lampus eel n
1907 Progressive Farmer (Raleigh NC) 18 Apr 8/1, There are several rather peculiar amphibians found in the Southeastern States that are not very well known. The commonest of these is the Amphiuma which in books is called the Congo Snake, but which is most usually known in the regions where it occurs as Ditch eel, Black Eel, Poison Eel, Lamper Eel, Lampus Eel, or Mud Eel. . . another queer animal is the Siren, which has practically all the same popular names as the Amphiuma, and is a good deal like it. 1920 Copeia 77.6 cNC,They [=Amphiuma means] are universally feared as poisonous, presumably on account of their snake-like form, but are always called “eels,” never “snakes,” the usual name at present among the ditchers being “ditch eel”; though in former days, and at present among fishermen, “lampus eel” was the more common name. 1935 Amer. Midland Naturalist 16.275 seGA, It [=Amphiuma means] is reported from the St. Mary’s River near St. George as “Lamper Eel,” and from Camden County as “Lampus Eel.” 1945 Nature Mag. 38.136 ceGA, Many passers-by heard of the strange creature [=Siren lacertina] in my aquarium, and came to see it, or to repeat some local bit of lore. The common name seemed to be “lampus-eel” or “lamper-eel,” which would equally fit this species or Amphiuma. 1955 Jrl. Elisha Mitchell Scientific Soc. 71.25 seNC, Two-toed Amphiuma—The “Lampus Eel” is a very common inhabitant of Greenfield Lake and other water-courses and is often taken by fishermen during daylight hours.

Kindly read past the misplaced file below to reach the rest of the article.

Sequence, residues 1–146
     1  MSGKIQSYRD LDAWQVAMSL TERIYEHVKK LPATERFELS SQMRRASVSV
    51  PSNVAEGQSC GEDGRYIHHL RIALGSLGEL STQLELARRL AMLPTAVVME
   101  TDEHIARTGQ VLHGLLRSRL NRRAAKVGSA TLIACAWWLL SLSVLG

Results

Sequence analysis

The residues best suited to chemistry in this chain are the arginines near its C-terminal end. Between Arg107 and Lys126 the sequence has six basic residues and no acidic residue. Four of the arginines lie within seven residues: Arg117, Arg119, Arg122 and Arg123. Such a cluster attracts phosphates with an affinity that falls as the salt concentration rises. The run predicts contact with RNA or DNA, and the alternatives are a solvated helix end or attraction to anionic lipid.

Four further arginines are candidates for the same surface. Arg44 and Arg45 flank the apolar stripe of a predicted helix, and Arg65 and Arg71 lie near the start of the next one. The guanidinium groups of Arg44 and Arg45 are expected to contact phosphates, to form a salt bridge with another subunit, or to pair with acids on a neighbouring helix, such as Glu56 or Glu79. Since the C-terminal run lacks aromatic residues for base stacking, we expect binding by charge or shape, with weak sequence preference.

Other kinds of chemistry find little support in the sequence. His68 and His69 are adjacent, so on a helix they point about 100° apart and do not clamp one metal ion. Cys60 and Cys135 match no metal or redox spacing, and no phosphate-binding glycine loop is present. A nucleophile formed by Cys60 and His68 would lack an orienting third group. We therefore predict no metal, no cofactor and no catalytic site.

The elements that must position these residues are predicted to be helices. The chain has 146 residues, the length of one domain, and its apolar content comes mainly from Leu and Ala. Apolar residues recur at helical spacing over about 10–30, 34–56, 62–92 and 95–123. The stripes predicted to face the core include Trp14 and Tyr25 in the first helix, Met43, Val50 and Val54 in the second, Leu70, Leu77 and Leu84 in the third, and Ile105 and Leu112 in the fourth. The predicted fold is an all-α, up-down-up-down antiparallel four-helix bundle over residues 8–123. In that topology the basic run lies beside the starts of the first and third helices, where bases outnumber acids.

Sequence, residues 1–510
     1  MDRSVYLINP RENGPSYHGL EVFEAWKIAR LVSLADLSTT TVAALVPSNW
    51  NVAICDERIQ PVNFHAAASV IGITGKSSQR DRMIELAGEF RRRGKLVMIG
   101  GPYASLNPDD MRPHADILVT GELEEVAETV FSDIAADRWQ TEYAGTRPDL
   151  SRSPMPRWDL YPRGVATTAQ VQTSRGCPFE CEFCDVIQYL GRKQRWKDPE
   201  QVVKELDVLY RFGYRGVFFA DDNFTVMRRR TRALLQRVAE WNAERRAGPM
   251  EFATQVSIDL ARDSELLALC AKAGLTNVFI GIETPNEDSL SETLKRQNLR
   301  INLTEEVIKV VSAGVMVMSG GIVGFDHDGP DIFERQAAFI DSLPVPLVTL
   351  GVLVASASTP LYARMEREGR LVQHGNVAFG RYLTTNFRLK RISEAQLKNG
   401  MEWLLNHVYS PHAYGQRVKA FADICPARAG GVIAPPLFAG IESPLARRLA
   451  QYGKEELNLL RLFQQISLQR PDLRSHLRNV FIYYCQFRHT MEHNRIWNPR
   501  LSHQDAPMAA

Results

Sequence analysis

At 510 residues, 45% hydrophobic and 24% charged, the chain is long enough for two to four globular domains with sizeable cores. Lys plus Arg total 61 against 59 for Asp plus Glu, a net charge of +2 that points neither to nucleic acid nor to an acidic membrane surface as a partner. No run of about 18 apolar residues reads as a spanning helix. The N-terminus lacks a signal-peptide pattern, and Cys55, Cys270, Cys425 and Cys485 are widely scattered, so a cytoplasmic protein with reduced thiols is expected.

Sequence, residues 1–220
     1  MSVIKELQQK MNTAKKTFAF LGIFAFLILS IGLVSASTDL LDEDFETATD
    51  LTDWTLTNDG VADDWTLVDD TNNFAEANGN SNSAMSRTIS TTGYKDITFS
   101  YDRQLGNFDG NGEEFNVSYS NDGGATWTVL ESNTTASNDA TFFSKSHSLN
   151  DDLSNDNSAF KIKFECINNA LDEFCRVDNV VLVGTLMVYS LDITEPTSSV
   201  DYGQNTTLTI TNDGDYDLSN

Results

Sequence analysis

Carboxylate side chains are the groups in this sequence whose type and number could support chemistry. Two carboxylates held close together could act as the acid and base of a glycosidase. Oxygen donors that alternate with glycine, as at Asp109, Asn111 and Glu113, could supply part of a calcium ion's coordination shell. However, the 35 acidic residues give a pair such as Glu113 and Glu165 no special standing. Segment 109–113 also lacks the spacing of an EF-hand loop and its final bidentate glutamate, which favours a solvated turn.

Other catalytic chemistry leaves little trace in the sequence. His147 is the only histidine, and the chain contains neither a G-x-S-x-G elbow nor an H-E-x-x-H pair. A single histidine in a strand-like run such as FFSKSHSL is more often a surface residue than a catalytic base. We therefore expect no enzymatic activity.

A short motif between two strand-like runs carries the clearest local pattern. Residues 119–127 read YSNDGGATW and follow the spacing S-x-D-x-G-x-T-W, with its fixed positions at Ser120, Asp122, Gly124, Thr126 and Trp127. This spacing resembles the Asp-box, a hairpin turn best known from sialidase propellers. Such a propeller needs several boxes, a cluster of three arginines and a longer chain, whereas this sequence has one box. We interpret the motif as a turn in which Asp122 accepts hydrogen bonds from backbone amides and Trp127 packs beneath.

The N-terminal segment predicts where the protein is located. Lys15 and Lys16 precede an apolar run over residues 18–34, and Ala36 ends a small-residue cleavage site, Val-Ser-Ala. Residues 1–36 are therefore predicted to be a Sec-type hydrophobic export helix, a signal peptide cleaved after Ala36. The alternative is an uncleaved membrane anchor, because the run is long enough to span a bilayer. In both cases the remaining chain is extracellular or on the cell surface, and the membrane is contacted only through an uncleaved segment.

1905 Wagoner Weekly Sayings (OK) [14 Dec 8]/3, H. D. Brubaker . . overtook a crowd of boys returning from a fishing trip. They were en route to the “the printing office” to exhibit what they considered to be something altogether new in natural history. . . To come to the point, the same was a lampus eel. . . A lampus eel bears some resemblance to an alligator and has a spotted back withal.